Elder abuse is expected to continue to rise. A sad expectation given that seniors are among our most vulnerable citizens, often depending on the benevolence of strangers.
We’ve long been following the issue of elder abuse, a devastating indignity that attacks these vulnerable members of society on all levels: Physical, emotional, chemical, financial, and sexual. Neglect, abuse, mocking, and even workers who have abused residents as part of pranks against each other are becoming more and more commonplace. USA Today notes that, with the senior population growing and living longer, concerns for their welfare are valid.
The elderly are among our most fragile citizens and, often, we have no choice but to place our older relatives in the care of others. Sadly, families are left with limited options as reports of nursing home abuse continue to rise. Yet, despite ongoing headline-making news concerning abuse of the elderly, the abuse continues. Now, some organizations are changing how the elderly are treated. For instance, the Cedar Village Retirement Community in Ohio, just opened a long-term care facility meant for abuse victims and is the first elder abuse shelter in Ohio, said USA Today. The Community is one of just a few nationwide; all are funded by nonprofit organizations.
“There is a genuine recognition by those who are concerned by the abuse of elders that there need to be appropriate safe houses for them to get them out of immediate harm’s way,” said Sally Hurme, AARP’s senior project manager in education and outreach, wrote USA Today. “Nationally, we’ve been aware of the need for elder abuse shelters, but they’ve been slow in coming into fruition.”
The first such facility nationwide, the Weinberg Center for Elder Abuse Prevention at the Hebrew Home at Riverdale in the Bronx, New York, opened seven years ago and is a model for the others that have been created since, USA Today explained. And, now, elder advocates are seeking more such facilities and initiating campaigns meant to educate and help prevent elder abuse.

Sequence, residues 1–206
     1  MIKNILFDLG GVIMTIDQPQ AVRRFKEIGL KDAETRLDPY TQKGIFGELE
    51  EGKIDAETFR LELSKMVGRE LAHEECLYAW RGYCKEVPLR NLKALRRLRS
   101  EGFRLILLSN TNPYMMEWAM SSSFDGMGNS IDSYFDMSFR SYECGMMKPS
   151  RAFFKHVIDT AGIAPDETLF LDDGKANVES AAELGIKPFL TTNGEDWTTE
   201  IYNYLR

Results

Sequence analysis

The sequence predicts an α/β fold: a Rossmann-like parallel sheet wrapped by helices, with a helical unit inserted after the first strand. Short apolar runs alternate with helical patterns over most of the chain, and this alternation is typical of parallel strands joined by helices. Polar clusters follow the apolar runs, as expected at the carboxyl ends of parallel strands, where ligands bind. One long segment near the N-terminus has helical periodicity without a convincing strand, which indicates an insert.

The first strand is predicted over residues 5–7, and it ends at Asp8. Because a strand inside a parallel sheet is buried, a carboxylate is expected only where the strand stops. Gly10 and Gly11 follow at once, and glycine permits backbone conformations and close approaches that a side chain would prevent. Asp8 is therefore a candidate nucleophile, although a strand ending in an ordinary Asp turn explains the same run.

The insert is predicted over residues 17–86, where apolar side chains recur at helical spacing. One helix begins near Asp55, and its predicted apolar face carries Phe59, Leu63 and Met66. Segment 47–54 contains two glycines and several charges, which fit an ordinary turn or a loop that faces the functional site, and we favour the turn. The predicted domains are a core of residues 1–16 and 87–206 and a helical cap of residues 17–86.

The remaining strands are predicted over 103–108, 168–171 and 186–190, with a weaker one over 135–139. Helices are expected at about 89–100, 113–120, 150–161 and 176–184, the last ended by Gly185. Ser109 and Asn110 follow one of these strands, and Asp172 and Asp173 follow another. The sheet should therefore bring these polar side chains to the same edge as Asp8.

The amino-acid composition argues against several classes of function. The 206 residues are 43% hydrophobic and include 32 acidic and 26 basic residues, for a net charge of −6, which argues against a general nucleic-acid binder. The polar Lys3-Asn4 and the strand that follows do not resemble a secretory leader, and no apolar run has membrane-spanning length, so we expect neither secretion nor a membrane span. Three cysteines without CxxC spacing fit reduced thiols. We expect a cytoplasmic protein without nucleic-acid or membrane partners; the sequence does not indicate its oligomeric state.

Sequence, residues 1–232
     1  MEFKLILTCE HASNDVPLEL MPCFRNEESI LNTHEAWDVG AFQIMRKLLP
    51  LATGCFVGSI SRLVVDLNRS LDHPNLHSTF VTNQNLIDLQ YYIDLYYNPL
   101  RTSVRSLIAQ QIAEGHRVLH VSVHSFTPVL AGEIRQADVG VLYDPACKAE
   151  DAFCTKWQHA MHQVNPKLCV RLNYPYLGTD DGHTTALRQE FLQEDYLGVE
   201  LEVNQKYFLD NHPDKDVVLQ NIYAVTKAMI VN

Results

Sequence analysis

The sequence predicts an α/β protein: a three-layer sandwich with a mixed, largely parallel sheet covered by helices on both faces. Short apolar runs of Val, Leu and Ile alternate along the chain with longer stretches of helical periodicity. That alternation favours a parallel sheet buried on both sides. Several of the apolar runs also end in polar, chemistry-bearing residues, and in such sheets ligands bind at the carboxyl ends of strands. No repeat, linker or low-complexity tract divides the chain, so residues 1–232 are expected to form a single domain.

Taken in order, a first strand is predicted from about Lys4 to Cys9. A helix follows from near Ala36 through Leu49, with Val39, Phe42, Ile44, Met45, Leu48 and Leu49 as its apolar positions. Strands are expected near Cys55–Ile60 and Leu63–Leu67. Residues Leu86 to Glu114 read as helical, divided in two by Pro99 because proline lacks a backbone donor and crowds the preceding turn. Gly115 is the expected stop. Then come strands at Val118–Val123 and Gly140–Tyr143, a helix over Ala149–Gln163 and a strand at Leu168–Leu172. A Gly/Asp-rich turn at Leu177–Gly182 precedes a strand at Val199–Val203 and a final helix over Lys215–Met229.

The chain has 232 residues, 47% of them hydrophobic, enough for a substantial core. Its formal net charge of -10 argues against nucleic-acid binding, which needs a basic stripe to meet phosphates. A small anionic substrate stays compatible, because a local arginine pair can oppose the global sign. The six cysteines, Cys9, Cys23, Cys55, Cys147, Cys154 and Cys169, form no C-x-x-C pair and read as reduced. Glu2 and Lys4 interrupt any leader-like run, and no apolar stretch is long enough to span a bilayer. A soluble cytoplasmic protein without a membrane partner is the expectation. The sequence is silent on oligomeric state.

With those living to age 90 and older tripling in the past 30 years to about two million and with expectations that this figure will quadruple by 2050—according to the Census Bureau—elder care education has become critical. Those age 65 and older also grew, said USA Today, by 15.1 percent since 2000 to 40.3 million, which comprises 13 percent of the population. “The fastest-growing segment are people over 85 and the percentage of people with Alzheimer’s, dementia is at an all-time high.… This is just an absolute recipe for disaster,” said Laura Mosqueda, co-director of the National Center on Elder Abuse and director of the geriatrics program at the University of California-Irvine School of Medicine, wrote USA Today.
Sadly, some elderly, especially in the current economy, are abused by those who care for them, making reporting very challenging and abuse very difficult to spot. Mickey Rooney, 91, for example, brought the issue into the national media when he testified before Congress last year that he suffered financial abuse by a family member, said USA Today. Ultimately, Rooney obtained a restraining order against his stepson, Chris Aber, filing a lawsuit accusing Aber of withholding food and medicine.
According to the National Academy of Sciences, about one in 14 cases of elder abuse comes to the attention of authorities, despite passage in 2010 of the Elder Justice Act, said USA Today, which noted the Act has received no funding. “